Once I had the blade in its final shape, and etched, I stopped sending images of what it looked like to its future owner. Opening a box with a new knife in it should be a surprise, and a small voyage of discovery. It’s especially a surprise if the person didn’t expect a knife and jams their hand into the box to see what’s inside; my sister finally forgave me for sending her an unexpected paring knife many moons ago.
The blade sat on the bench, silently reproaching me while I tried various things for the handle. I made a sculpey master of the cap, with a fish-shape, then did a plaster investment mold from that, and cast silver in it – and it turned out really ugly. I spent a while messing with Blender, doing various renderings that I thought I might have 3D printed in silver. I was not happy with any of these things and I don’t even want to think about them any more. Finally, I emailed the client that I was just going to finish the knife off plain and simple and that I lack the soul of an artist.*
Plain and simple, then. For that, you can’t do better than a nice thick chunk of fine silver:
That’s an hour with a jeweler’s saw, and some clean-up on the belt sander, then an hour or two making the hole through the silver fit as closely as possible to the tang of the blade. This is the weakest part of my process, I admit – my tangs are never geometrically even-shaped, and sometimes they are not evenly tapered, which means that there are tiny little gaps between the blade and the bolster. When I see the work of master bladesmiths, who get that fit micrometer-accurate, I cringe a little bit, and mutter things about “soulless perfection” that I don’t really mean.
Then, I drill a hole in the end-cap and thread it (10/32 tap) and grind the end of the tang down to the right diameter by simply rotating it and eyeballing it, then run it through a die to thread it, too. Measuring the distance between the bolster and the cap gives me the length of the handle wood and it’s off to the table-saw with a block of bog oak and my Mitotuyo micrometer. From there, to the drill press to make a hole through the block, and back to the vise where the hole is adjusted to fit the tapered tang by the simple expedient of 45 minutes of filing and sawing with a broaching tool. Some knifemakers have really nice broaching tools; I use a sawz-all blade that I’ve ground down to about 1/4″(5mm) width, the end of which is epoxied into a golf ball (aka: “handle”) with a hole drilled in it. By the way, if you don’t know that trick: used golf balls are very cheap on Ebay or at a golf course, and make great field expedient handles for many purposes. That’s a trick I learned from my grandfather, whose entire violin-making tool kit featured golf balls in many forms including the old gutta-percha ones.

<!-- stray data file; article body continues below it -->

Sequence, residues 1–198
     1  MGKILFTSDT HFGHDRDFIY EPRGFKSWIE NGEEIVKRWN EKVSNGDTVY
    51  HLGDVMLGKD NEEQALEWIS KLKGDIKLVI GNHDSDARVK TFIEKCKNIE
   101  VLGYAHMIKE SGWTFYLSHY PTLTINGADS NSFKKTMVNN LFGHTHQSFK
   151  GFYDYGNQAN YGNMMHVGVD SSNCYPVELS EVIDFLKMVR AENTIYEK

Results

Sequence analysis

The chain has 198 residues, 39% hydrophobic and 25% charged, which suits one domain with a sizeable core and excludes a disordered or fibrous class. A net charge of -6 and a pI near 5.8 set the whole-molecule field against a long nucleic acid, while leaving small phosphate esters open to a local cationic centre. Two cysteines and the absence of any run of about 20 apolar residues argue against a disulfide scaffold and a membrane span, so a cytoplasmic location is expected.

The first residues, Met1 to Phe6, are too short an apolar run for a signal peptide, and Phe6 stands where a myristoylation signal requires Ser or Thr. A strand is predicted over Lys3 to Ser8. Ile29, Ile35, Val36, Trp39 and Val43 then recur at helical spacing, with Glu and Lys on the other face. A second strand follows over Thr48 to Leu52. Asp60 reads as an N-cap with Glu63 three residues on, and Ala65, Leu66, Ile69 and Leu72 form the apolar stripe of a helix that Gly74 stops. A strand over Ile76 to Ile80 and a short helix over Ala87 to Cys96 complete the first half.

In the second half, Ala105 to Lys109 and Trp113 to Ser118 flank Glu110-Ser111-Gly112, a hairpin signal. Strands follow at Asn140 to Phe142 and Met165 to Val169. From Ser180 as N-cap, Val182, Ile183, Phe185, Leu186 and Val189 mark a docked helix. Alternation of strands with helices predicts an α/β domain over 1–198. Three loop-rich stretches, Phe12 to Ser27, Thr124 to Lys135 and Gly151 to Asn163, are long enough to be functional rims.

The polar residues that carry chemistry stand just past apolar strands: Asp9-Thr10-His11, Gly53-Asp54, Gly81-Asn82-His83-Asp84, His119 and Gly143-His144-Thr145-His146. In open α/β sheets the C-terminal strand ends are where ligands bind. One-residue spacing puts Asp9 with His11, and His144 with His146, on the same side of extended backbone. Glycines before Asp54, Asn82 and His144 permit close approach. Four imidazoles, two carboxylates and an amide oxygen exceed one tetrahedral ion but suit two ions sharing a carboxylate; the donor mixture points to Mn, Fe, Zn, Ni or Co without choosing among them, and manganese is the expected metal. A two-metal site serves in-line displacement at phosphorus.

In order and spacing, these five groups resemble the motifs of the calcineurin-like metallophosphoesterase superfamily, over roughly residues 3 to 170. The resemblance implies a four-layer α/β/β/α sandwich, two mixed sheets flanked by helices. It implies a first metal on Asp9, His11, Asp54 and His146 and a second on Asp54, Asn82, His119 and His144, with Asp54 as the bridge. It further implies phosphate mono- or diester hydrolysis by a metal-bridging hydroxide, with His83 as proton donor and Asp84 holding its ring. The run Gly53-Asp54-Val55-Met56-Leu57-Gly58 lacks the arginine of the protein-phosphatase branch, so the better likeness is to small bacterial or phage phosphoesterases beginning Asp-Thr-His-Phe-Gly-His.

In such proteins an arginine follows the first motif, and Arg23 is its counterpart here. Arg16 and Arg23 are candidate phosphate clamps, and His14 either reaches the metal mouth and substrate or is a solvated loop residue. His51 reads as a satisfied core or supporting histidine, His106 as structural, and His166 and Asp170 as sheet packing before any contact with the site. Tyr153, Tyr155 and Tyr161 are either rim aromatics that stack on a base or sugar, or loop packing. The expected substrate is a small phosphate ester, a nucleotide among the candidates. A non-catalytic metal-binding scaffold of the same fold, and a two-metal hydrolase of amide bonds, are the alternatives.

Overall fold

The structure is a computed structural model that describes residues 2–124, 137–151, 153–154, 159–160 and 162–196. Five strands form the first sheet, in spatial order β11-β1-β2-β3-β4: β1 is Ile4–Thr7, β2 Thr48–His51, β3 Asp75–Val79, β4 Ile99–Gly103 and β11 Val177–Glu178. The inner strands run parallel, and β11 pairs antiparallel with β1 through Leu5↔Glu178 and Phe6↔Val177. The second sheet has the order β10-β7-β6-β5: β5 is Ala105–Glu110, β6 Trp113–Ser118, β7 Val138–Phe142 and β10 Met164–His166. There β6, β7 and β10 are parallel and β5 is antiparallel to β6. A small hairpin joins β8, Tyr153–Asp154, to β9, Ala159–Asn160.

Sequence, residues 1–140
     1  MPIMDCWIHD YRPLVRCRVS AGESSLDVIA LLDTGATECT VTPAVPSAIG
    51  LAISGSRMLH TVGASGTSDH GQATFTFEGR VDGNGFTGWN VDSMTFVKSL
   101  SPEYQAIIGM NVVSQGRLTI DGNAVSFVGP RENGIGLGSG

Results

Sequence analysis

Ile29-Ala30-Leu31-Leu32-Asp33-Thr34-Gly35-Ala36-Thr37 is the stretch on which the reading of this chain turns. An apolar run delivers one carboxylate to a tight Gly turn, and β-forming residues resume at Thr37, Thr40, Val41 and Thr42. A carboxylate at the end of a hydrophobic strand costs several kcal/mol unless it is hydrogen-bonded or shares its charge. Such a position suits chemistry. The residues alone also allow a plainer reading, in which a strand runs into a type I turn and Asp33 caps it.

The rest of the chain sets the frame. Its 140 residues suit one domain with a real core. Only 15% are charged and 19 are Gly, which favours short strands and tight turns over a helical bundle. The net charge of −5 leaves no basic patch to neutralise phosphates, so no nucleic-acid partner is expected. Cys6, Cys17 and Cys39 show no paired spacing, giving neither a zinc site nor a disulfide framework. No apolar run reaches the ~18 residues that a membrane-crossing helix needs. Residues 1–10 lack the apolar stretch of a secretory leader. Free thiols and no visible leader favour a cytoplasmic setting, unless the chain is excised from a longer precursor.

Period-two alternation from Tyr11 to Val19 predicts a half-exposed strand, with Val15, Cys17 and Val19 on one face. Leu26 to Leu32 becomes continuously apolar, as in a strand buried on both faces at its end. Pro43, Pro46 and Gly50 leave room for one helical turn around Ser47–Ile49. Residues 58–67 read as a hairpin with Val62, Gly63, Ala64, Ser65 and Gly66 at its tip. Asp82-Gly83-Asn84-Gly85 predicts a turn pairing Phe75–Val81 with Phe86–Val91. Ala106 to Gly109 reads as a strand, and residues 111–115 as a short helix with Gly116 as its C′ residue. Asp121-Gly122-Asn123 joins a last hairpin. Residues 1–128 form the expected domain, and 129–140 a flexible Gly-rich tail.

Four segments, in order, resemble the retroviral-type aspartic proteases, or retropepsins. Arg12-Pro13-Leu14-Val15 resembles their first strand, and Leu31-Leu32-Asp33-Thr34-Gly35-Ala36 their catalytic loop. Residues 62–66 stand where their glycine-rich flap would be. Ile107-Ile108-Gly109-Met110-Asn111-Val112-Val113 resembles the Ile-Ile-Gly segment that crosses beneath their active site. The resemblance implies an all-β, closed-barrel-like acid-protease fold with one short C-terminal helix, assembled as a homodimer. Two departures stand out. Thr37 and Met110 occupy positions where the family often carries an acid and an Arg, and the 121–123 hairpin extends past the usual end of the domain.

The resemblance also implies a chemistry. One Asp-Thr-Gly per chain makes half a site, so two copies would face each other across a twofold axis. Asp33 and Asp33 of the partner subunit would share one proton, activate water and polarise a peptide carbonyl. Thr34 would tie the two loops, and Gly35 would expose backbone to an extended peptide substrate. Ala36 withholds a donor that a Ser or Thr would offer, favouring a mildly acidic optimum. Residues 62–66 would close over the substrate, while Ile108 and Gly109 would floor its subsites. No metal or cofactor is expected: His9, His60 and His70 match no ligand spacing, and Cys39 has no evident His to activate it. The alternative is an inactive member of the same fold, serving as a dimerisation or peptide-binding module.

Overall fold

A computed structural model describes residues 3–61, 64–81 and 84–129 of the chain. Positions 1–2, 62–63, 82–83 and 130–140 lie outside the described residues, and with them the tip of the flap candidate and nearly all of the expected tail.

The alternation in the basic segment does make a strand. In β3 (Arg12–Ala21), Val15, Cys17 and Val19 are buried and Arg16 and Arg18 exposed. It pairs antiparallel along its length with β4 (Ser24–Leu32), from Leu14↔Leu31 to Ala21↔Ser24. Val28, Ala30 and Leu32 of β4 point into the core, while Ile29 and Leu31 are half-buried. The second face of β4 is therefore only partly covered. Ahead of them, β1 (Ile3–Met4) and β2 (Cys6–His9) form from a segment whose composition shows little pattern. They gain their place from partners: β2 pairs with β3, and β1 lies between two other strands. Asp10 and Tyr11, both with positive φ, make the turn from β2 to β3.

For reasons I do not fully understand, I usually do my handle glue-ups on my kitchen counter. I also do my etching in my kitchen sink. To get the final blade etch, I watched it closely and pulled it from the chemicals when it was at the moment of best contrast.
Once the handle is filled with epoxy and everything is tight and cured, it’s ready for the handle to be shaped. The blade gets wrapped in parchment paper and then gaffer tape; at this point I don’t want anything to scratch it, and also it’s getting kind of sharp and the only thing I’ll have to hold onto is the blade, since I’ll be shaping the handle.
I’ve learned to strategize the handle. You can’t just start removing wood or you’ll wind up hammering the whole thing to bits and starting over. My plan with this one is to use the big 6″ belt sander to set up a taper between the bolster and the cap, then I’ll take a deep breath and figure out what’s next.
When it got to this point, I was thinking “that’s not bad!” except it’s mighty chunky and this is going to be a stocking-top knife. It needs to be thinner side-to-side by a goodly bit. By now the sanding belt is contacting the silver, which is problematic because it heats up ridiculously fast. I have no idea why – perhaps one of you physicists could tell us something? – but silver seems to heat up faster than steel and (obviously) faster than wood, which is an insulator by comparison. If you don’t pause frequently, the epoxy holding the bolster from slithering around is going to melt. Usually in this case I keep a spray bottle of methanol handy that I can spritz the metal with to cool it if I’m impatient.
Now, I have a problem: I want a kind of lobular “traditional” shape but the only way to get it is to just grind away and make it all work out somehow. After coming this far, “just fudge it” is the last thing I want to be doing, but that’s how it’s got to be.